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Other How did you find your reasearch area in theoretical physics?

Hi guys, I find it hard to decide what to work on. To give some background, I am a bachelor student and I want to work in theoretical research. I talked with a professor (he is the chief of the theory department) at my uni about this and he expects me to find a topic or an area of research for my bachelor thesis, so that I can work on it as soon as possible in order to have time to do something meaningful that will help me get into a good graduate program. (He sees promise in me because I'm actually among the top students in my uni and I aced all my exams so far while also doing extra work.) But the harder I try to decide the harder it gets. The description of my problem is written quite badly, mostly because I'm bad at explaining, so if you don't feel like reading it jump to the TL,DR paragraph at the end.

I have tried looking through articles in various journal to get a feeling for what are main ideas of interest and I hoped to eventually find some mentions of problems that can be improved or which are not solved at all yet. But I found myself drowning in an ocean of articles on very niche topics that are hard to understand. When I say this I don't want to complain about my lack of knowledge. What I mean is that those extremely niche topics require a lot of skimming through references in order to get an idea of what is going on and it is hard to invest that time on so many different articles on so many different topics.

Another problem I've been facing is the lack of accessibility. Whenever I find an interesting article that looks like something I could understand more easily, I see that I have to pay to read it. And I'm sure it is not a good idea to pay for articles just because I like the title.

I also have no idea of what is manageable. I find it hard to find a preference of particle physics over nuclear physics for example when I can't find some specific directions of research or some people to give me an idea on the difference effort that has to be put in to understand them. To illustrate further, I know, for example, that quantum gravity is a problem of interest, but articles concerning it just discuss extremely specific things and reference similarly specific works. Because of this it is quite hard to know if I would enjoy this more than something else.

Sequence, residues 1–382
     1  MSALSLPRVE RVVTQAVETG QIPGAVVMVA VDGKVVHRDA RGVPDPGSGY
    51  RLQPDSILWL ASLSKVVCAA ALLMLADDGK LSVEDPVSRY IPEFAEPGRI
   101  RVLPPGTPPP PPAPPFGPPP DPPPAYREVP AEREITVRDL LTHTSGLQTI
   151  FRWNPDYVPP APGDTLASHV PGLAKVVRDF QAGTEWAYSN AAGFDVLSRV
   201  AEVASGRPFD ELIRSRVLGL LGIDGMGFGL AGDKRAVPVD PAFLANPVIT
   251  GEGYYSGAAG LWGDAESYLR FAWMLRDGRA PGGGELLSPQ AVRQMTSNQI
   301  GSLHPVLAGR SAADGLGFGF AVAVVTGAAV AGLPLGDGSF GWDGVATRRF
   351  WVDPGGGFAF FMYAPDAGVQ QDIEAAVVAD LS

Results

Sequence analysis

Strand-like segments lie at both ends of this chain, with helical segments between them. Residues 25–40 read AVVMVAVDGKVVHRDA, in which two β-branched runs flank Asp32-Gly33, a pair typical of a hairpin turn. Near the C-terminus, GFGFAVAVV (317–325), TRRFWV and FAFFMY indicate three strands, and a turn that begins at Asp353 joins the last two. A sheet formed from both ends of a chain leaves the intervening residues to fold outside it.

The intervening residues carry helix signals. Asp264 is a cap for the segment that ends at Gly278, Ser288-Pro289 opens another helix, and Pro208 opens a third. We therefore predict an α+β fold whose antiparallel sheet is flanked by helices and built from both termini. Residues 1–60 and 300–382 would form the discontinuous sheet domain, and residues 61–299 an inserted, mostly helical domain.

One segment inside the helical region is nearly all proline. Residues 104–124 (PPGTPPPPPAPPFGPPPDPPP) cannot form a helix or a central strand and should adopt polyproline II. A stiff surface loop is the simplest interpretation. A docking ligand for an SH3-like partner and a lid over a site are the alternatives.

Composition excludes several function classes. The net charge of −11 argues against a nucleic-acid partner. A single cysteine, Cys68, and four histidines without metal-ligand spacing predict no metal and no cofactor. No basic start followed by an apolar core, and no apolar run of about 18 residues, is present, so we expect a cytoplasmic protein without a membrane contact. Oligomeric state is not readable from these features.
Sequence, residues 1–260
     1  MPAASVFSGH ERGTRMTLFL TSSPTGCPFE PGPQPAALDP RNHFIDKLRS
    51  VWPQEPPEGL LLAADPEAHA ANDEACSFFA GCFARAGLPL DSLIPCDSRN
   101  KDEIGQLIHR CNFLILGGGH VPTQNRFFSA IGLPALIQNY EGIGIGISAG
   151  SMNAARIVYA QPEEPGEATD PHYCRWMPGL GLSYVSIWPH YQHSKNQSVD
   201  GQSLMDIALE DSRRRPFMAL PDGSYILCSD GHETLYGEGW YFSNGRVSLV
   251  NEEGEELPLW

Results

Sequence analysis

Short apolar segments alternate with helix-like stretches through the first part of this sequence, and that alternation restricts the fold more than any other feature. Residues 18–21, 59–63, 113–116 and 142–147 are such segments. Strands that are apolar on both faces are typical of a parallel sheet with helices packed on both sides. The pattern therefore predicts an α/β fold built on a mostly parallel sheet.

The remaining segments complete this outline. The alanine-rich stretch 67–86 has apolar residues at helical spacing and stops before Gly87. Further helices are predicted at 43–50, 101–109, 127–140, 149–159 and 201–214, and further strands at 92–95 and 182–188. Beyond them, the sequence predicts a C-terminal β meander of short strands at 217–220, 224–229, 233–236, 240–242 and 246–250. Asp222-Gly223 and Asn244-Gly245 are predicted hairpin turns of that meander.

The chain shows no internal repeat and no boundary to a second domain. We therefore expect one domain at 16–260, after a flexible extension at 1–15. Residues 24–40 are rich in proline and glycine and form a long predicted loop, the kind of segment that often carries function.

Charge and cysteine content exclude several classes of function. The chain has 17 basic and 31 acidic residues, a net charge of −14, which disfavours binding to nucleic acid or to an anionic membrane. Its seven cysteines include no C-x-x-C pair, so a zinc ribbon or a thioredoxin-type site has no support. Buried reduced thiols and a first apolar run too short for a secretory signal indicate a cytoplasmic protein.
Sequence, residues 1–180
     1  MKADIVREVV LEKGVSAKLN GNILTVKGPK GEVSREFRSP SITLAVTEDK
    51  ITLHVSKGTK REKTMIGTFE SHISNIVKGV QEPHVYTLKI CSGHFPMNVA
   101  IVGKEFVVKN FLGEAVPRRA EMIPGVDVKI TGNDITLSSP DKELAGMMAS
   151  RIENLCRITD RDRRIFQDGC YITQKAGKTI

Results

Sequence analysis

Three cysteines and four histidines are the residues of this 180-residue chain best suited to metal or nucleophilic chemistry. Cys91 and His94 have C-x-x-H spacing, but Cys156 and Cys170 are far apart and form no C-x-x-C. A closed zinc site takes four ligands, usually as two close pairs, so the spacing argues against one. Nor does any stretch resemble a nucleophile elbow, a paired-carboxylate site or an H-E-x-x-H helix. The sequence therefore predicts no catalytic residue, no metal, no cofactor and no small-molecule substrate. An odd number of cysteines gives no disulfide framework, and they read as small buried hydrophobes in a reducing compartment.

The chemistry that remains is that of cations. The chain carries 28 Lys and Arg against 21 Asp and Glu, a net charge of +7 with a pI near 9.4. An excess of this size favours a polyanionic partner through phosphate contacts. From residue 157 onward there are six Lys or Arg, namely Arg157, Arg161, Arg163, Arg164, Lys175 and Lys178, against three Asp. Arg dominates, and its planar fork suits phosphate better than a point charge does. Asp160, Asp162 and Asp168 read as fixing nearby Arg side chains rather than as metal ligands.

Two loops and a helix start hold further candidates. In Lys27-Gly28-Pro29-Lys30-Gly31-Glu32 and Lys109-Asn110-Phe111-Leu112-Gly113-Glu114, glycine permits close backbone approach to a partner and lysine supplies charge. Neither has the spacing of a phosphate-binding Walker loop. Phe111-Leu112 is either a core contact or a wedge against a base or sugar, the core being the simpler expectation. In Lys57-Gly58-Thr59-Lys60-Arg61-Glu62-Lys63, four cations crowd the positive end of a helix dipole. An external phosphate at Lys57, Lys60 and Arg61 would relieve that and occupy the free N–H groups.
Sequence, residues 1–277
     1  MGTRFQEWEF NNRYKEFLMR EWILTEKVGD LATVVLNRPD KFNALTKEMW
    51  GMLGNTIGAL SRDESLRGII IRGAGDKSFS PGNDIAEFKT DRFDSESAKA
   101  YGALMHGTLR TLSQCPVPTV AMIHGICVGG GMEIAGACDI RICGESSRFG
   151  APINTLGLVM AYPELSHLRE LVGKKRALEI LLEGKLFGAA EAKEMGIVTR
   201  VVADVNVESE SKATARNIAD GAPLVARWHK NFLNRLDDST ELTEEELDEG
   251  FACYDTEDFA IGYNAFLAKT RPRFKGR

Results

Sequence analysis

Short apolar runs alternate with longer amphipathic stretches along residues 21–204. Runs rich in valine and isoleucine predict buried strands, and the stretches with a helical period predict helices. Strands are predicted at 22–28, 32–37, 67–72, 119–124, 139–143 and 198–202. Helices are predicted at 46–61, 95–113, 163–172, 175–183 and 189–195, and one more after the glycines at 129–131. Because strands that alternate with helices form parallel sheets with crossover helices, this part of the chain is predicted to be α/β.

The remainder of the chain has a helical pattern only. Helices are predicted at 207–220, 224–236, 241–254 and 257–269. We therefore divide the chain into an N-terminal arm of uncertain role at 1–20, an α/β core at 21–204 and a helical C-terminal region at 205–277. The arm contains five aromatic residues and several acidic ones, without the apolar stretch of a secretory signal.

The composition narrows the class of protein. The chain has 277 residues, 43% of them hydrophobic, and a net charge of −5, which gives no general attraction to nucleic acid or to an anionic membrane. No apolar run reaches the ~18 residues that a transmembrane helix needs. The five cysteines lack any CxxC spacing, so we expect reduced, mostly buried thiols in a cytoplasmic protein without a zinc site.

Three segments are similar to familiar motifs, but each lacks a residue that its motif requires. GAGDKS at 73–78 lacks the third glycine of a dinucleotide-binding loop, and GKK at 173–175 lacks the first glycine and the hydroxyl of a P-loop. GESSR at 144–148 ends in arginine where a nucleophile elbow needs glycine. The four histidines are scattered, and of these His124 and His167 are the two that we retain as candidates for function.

TL,DR For the reserchers and the more advanced students that work in theoretical physics research, how did you choose your field and what makes it more interesting over the others (in your opinion)?

Also, how do you manage to keep up with this mess in the ocean of articles?
 

Choppy

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Another problem I've been facing is the lack of accessibility. Whenever I find an interesting article that looks like something I could understand more easily, I see that I have to pay to read it. And I'm sure it is not a good idea to pay for articles just because I like the title.
Talk to your professors about this, or go to your school's library and talk to a librarian. They should be able to show you how to access journals through the school's library. You may even be able to link your library access to some common databases like google scholar so that access comes up automatically when you search. That's a major timesaver.

The only other advice I might offer is not to worry too much about picking the "right" project for an undergrad thesis. Of course you want one that's interesting and that will allow you to explore an area that you're interested in, but I think it's easy to lost in trying to pick the perfect project. You don't need to win the Nobel Prize with this one. And usually, what you can accomplish in the period of a semester or two is quite limited. Talk to other professors. Talk to some of the grad students and post docs. Consider the people you'll be working with and the skills that you'll develop as well.
 

Vanadium 50

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Are you graduating this year or next year?
 

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